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What Sanders and Trump Have in Common

The Huffington Post The Huffington Post 28/03/2016 William Astore

Remember when Abraham Lincoln wrote about our government as being "of the people, by the people, for the people"?  Even after 150 years, those words still resonate, but they are increasingly less true.  Today, our government places itself above the people, and when the government is not working against the interests of (most of) the people, it acts as if the people's interests are beside the point.
We've entered a new historical moment in America, which is precisely the point of Tom Engelhardt's latest essay at  As Engelhardt notes, our electoral process is "part bread-and-circuses spectacle, part celebrity obsession, and part media money machine." Our foreign policy, and increasingly our domestic policy as well, is dominated by the national security state, the one leviathan in our government that is never paralyzed.  The political process itself is ever more divisive, polarized, and disconnected from the hardships faced by the working and middle classes.  Even planetary dangers such as climate change are either denied or ignored, as if denial or ignorance will keep seas and temperatures from rising.
The very disconnection of our government from painful realities explains in part the appeal of "maverick" candidates like Donald Trump and Bernie Sanders.  Yes, they are two very different men, but what they have in common is their willingness to take the side of ordinary Americans, who have seen their standard of living stagnate or drop over the last thirty years.  Trump says he wants to make America great again: the implicit message is that we pretty much suck now, that we are a nation in decline, and that the sooner we admit it, the sooner we can take action to restore America to greatness.  Sanders says he wants a future we can believe in, which is at its core much like Trump's message.  America has serious problems, both men are saying, but greatness is still within our grasp if only we act together as a people.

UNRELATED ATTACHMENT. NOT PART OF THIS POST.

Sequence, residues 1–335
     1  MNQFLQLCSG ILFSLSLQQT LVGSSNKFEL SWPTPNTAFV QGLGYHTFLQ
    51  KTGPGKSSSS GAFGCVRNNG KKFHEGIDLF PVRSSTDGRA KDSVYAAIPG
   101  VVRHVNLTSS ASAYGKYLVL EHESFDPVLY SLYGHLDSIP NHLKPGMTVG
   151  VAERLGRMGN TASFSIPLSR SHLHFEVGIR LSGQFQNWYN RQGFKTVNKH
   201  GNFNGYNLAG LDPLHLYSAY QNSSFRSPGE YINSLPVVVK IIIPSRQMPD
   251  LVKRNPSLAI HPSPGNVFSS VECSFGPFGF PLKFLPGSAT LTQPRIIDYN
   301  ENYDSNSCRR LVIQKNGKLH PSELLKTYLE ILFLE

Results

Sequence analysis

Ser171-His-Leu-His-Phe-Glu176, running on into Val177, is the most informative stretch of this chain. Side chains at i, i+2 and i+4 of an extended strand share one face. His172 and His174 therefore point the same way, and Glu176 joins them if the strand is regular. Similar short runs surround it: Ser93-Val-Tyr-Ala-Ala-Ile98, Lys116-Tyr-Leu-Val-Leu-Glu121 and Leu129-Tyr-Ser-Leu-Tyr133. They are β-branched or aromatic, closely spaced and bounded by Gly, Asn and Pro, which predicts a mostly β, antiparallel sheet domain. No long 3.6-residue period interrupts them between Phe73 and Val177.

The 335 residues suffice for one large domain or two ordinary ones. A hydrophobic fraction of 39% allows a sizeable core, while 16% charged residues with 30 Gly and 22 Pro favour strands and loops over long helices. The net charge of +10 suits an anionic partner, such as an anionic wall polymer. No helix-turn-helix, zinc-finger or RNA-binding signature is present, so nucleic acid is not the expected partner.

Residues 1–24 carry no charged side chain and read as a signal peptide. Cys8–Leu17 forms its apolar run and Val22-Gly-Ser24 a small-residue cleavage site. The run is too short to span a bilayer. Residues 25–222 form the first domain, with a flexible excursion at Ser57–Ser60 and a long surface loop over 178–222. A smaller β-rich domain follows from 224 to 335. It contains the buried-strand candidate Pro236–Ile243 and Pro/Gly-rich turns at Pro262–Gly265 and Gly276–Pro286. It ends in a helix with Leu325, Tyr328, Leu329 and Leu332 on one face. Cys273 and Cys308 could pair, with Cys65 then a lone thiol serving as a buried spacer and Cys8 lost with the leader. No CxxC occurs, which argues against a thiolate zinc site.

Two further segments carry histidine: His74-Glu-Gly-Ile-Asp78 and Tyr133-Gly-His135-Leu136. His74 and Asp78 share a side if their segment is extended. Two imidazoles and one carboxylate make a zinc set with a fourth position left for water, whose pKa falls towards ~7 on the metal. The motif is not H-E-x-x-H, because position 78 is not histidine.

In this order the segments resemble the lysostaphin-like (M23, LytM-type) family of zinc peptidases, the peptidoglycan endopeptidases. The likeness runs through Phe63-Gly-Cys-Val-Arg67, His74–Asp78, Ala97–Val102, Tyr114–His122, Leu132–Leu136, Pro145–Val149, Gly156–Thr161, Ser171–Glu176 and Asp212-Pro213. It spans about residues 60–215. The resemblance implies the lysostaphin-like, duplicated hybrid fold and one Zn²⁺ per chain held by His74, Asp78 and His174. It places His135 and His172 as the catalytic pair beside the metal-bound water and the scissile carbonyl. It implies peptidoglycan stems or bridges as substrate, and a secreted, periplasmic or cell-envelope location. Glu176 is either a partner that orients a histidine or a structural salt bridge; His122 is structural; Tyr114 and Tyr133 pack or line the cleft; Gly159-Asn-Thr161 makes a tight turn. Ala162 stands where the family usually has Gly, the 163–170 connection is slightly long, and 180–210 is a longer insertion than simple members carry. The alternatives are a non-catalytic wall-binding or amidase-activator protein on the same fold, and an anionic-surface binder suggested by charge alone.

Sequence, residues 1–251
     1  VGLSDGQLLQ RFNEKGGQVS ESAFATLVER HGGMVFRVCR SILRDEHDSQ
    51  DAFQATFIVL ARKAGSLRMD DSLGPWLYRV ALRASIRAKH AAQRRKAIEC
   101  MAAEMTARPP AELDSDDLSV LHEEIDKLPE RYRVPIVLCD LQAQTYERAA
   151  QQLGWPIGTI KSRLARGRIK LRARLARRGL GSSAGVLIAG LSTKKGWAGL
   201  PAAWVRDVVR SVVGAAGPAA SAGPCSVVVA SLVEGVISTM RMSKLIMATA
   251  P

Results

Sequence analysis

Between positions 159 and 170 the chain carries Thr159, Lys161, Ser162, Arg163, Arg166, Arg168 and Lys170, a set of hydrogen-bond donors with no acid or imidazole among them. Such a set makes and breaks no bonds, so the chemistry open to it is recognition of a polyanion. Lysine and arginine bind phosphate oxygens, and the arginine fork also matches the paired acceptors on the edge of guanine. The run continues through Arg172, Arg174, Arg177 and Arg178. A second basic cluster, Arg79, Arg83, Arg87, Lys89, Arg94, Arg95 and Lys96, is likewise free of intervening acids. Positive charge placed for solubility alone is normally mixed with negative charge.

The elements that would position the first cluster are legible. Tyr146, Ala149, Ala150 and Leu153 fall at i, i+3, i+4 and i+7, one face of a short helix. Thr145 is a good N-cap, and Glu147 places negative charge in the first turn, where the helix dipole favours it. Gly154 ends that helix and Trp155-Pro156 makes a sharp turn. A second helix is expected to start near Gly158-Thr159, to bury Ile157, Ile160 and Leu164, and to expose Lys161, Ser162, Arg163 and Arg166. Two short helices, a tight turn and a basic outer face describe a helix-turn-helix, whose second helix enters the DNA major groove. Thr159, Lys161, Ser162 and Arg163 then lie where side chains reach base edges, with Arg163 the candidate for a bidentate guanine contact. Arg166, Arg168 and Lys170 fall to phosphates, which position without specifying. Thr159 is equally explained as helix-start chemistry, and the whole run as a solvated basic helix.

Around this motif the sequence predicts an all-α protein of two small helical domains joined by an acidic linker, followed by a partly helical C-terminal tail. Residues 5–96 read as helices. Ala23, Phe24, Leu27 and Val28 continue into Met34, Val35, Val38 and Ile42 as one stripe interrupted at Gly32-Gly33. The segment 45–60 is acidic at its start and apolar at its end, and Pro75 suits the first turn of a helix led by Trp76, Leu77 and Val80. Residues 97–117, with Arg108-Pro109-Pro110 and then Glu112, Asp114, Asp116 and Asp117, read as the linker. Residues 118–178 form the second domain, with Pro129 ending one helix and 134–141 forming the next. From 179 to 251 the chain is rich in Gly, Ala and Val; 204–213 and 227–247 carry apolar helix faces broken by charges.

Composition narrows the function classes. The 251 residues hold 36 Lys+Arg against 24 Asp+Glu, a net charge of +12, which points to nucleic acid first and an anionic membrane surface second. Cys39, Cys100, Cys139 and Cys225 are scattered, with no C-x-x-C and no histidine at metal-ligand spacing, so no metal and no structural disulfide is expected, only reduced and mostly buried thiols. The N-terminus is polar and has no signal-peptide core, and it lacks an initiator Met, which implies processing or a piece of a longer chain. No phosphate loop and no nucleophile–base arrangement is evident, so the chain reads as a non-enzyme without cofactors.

Again, much separates Trump and Sanders, yet both are willing to admit the times are bad for many hardworking Americans.  What they're saying is this: the American dream is increasingly a nightmare.  And part of the nightmare is a government that doesn't act in the people's interests because it's been co-opted by special interests.  A government that can't even do its job, such as to declare war or to advise on a Supreme Court nominee, in accordance with its Constitutional duties.
The promise and potential of our country remains.  But that promise, that potential, is being squandered by an alliance of various interests that are no longer responsive to the people.  If not dead, representative democracy in America is on life support.  Unless we can reinvigorate it, as Engelhardt notes in his article, we will continue to suffer a decline analogous to the declines of other great empires (think Rome, for example).  The difference today is the possibility of planetary-wide destruction, whether quickly from nuclear weapons or slowly from climate change.
Never was a revival in American democracy more urgently needed, not only for ourselves, but for the world.
William Astore, a retired lieutenant colonel (USAF) and professor of history, blogs atBracing Views.

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